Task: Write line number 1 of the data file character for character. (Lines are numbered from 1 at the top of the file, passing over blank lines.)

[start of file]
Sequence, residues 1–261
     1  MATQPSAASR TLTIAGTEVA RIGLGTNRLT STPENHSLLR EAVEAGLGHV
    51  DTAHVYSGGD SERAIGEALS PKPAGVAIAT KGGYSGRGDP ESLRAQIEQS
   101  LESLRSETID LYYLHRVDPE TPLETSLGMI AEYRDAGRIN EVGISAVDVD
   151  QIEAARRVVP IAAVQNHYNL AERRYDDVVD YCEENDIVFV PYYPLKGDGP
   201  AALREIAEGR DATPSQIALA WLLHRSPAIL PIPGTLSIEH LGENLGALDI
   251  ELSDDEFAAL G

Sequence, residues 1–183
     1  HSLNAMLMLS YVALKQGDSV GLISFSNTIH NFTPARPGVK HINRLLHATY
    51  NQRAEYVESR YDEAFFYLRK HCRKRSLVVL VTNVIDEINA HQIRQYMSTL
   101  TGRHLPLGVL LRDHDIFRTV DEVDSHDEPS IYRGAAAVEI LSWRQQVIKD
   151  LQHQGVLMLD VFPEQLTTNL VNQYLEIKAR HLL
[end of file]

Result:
Sequence, residues 1–261